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Fluids Lab - Experiment 3 - Center of Pressure on a Submerged Plane Surface

# Fluids Lab - Experiment 3 - Center of Pressure on a Submerged Plane Surface

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02/28/2014

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Experiment #3Center of Pressure on a Submerged Plane Surface
Jordan Hines
Performed on February 28, 2011Report due March 14, 2011Lab Group: Elizabeth Hildebrandt & Anthony Freeman

Object
………………………………………..………………………….………….…. p. 1

Theory …………………………………………………………………………….....…p. 1

Procedure …………………………………………………………………………........p. 2

Results ………………………………………………………………...…………….pp. 3
-4
Discussion and Conclusion …………………………………………………..……...pp.5
-6Appendix
……………………………………………………..…….………………pp. 7
-8

Object
The object of this experiment was to calculate the hydrostatic force a fluid exerts on a submerged planesurface and then compare the experimental hydrostatic force to the theoretical hydrostatic force.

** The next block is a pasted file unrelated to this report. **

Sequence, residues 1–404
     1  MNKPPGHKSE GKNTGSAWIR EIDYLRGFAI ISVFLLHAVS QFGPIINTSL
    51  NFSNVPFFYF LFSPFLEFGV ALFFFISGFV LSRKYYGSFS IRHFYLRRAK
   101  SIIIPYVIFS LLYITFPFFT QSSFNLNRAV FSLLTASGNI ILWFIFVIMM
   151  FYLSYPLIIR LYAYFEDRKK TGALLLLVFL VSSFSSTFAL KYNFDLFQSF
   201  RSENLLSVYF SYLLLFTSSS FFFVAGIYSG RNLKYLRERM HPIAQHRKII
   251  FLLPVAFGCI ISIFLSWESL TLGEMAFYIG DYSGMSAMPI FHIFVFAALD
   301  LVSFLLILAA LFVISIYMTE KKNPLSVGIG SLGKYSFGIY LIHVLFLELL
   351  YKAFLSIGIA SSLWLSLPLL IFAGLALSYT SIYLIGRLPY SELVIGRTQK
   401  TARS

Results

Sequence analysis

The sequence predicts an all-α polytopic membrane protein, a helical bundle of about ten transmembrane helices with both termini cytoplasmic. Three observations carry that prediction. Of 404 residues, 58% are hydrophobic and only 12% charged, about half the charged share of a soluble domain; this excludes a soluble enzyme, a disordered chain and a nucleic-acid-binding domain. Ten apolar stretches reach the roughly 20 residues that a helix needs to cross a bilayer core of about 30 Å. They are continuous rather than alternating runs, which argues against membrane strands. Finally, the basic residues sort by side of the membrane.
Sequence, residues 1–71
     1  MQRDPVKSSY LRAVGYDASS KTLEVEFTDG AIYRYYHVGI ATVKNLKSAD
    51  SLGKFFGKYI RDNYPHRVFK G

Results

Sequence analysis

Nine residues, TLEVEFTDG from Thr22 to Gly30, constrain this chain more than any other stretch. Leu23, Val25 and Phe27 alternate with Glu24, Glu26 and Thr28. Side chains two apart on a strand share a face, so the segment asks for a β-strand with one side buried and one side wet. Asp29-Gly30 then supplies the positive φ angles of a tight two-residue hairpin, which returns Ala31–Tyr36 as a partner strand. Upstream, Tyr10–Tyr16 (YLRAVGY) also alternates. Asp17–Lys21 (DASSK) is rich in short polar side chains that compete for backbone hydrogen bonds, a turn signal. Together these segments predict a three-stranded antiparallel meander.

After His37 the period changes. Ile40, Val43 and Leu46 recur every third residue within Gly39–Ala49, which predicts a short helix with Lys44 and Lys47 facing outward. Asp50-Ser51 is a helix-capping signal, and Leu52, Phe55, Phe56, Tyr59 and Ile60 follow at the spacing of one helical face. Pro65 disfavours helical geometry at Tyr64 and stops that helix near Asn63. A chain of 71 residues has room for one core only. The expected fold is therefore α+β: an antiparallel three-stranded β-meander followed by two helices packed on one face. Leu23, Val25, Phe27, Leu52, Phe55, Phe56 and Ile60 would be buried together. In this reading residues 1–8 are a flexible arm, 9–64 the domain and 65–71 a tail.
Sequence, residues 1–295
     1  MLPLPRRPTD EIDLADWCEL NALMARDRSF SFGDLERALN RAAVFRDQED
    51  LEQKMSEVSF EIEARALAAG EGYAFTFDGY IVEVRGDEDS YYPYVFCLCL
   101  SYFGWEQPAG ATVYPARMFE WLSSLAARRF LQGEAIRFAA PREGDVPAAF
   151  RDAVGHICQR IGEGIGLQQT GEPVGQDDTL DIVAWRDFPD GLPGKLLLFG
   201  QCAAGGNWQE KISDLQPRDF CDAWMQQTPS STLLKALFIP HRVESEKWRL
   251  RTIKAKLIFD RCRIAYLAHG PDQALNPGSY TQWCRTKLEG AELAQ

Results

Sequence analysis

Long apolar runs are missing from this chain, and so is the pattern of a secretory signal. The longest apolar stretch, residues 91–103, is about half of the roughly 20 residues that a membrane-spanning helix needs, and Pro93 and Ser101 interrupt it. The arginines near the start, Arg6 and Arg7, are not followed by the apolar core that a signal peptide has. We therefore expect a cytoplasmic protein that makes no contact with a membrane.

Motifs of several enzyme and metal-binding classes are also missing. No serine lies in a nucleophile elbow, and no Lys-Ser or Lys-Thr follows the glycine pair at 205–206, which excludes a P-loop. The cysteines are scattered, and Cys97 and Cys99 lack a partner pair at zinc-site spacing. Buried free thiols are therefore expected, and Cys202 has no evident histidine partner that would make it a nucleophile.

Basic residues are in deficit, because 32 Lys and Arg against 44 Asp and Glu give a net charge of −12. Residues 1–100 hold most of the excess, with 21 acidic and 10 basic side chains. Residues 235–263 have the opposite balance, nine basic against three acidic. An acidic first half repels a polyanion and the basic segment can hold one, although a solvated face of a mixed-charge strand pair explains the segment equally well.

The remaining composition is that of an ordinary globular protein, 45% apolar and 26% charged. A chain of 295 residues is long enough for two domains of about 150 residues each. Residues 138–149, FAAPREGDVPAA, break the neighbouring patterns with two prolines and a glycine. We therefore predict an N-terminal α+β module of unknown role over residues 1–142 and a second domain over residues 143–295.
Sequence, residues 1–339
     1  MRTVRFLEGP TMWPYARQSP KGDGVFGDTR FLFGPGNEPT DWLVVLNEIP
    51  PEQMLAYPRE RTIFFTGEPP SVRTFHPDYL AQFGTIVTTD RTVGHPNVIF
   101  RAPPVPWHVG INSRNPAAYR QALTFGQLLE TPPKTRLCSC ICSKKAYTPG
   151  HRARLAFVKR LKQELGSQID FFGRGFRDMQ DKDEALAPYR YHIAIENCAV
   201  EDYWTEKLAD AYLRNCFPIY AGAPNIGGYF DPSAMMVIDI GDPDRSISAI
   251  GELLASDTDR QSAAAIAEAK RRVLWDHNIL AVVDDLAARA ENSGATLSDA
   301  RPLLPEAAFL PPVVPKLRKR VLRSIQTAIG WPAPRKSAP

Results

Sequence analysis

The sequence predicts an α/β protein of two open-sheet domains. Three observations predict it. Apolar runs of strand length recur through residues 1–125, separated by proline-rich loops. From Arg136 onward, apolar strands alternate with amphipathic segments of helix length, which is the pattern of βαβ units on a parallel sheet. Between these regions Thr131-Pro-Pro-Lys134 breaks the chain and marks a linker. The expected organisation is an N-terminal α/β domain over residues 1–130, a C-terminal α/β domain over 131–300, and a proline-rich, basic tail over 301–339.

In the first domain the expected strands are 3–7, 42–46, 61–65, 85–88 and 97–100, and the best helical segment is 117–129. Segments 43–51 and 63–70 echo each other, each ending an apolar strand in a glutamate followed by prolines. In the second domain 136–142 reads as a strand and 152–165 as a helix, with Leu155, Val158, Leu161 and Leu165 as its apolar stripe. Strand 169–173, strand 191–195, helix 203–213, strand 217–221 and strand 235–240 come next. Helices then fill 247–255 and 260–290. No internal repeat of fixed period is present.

Theory
A fluid at rest is said to be in a static condition. Consider a small three dimensional
“chunk”
of a static fluid, called afluid particle as seen in Figure 1. The fluid particle experiences a constant pressure on all sides acting inwardtowards a single point at its center. The horizontal x and y components of the pressure are equal and opposite andhave a net sum of zero. It can then be said that the pressure does not change in the horizontal direction.
Figure 1:

Diagram of a fluid particle with the acting pressures and forces.
The pressure components acting in the vertical z direction are also equal and opposite in magnitude andnegate one another. The only component of Figure one that is not negated is the weight of the fluid particle that actsvertically along the z axis. By
Newtons
Second Law, the force of weight is expressed as the product of mass, m,and acceleration, a.
F = ma
(Equation 1)
The mass of the fluid particle can be expressed as the product of its density,
ρ
, and its volume, V.
m =
ρV

(Equation 2)
Substituting
Equation 2
into
Equation 1
for the mass term and letting the acceleration term equal gravitationalacceleration yields:
F =
ρVg

(Equation 3)